When the hearing date arrives, you and your attorney will have a crucially important opportunity to learn what the prosecution has against you. You will learn who the witnesses will be, what kind of evidence has been obtained and how it was gathered, and what the prosecutor's argument will likely be, during the rest of the case. You will learn all of this as the prosecutor presses the judge at the Municipal Court to decide that there is, in fact, probable cause and that the case should go forward.
Typically, the real goal of a preliminary hearing is not to challenge the prosecutor's evidence, but rather to hear it and understand the case that will be pressed against you. However, there are many cases where raising immediate defenses against the prosecutor's case will have great impact. In some cases, these quick defenses can put enough holes in the prosecutor's case to convince a judge to dismiss the charges against you.
If the judge decides that the prosecution has shown probable cause, your case will continue to its next step: Arraignment. If the judge determines that there is no probable cause, your case will get dismissed and you should proceed immediately towards getting the charges expunged and clear your criminal record.
Why Preliminary Hearings are So Valuable
Preliminary hearings are invaluable to your case not because they provide an opportunity to challenge the prosecutor's case and gain a dismissal, but because they force the prosecutor to show his or her hand in your case. Seeing the evidence that they present during the preliminary hearing lets you and your attorney plan your defense effectively.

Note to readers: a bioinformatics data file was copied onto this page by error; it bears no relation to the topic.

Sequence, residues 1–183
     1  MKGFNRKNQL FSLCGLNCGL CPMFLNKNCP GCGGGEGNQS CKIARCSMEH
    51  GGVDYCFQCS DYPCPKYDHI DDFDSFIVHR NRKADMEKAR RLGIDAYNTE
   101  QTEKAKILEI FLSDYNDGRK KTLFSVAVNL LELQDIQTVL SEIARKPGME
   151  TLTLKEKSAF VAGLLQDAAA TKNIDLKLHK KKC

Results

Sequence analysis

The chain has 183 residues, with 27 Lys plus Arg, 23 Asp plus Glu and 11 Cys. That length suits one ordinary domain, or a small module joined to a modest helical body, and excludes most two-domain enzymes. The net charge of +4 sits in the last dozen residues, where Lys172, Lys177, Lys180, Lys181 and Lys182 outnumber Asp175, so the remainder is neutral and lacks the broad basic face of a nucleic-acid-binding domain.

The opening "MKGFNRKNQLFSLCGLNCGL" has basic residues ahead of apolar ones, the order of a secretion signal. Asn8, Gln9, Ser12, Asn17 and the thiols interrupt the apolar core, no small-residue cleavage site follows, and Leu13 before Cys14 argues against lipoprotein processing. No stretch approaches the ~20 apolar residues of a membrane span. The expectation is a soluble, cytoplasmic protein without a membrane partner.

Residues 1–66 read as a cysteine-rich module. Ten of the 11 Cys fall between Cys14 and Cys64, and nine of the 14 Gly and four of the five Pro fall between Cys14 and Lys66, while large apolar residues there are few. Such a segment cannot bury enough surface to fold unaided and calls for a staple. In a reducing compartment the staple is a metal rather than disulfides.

Waiving the Preliminary Hearing
Despite its value, many people who are facing a criminal charge nevertheless decide to waive their right to a preliminary hearing. For many, the decision to waive their right to the hearing is based on the fact that the prosecution rarely fails to show probable cause. Many defendants think that, because there is only a very slim chance of getting their case dismissed at the preliminary hearing, the better option is to simply waive it and let the case go on, without one.
However, this overlooks the important fact that the preliminary hearing is where you will first hear the case that will be presented against you. Waiving the preliminary hearing, therefore, is something that you should discuss with your criminal defense attorney before making the decision, on your own. The ramifications of waiving the hearing can be dire, as the case progresses.
Joseph D. Lento: Philadelphia's Criminal Defense Attorney
Joseph D. Lento is a criminal defense attorney who represents clients throughout Philadelphia. He knows the value of an effective defense during the preliminary hearing and can help you prepare for one if you have been charged with committing a crime in the city.
Contact him online or by phone at (215) 535-5353 if you have been charged with a crime, and are serious about your defense. Hiring him quickly after you receive your charges can give you the time to discuss your options and interests and prepare for the preliminary hearing. Once the hearing is over, there is no going back, and you must take the necessary steps to mount the strongest possible defense as early as possible.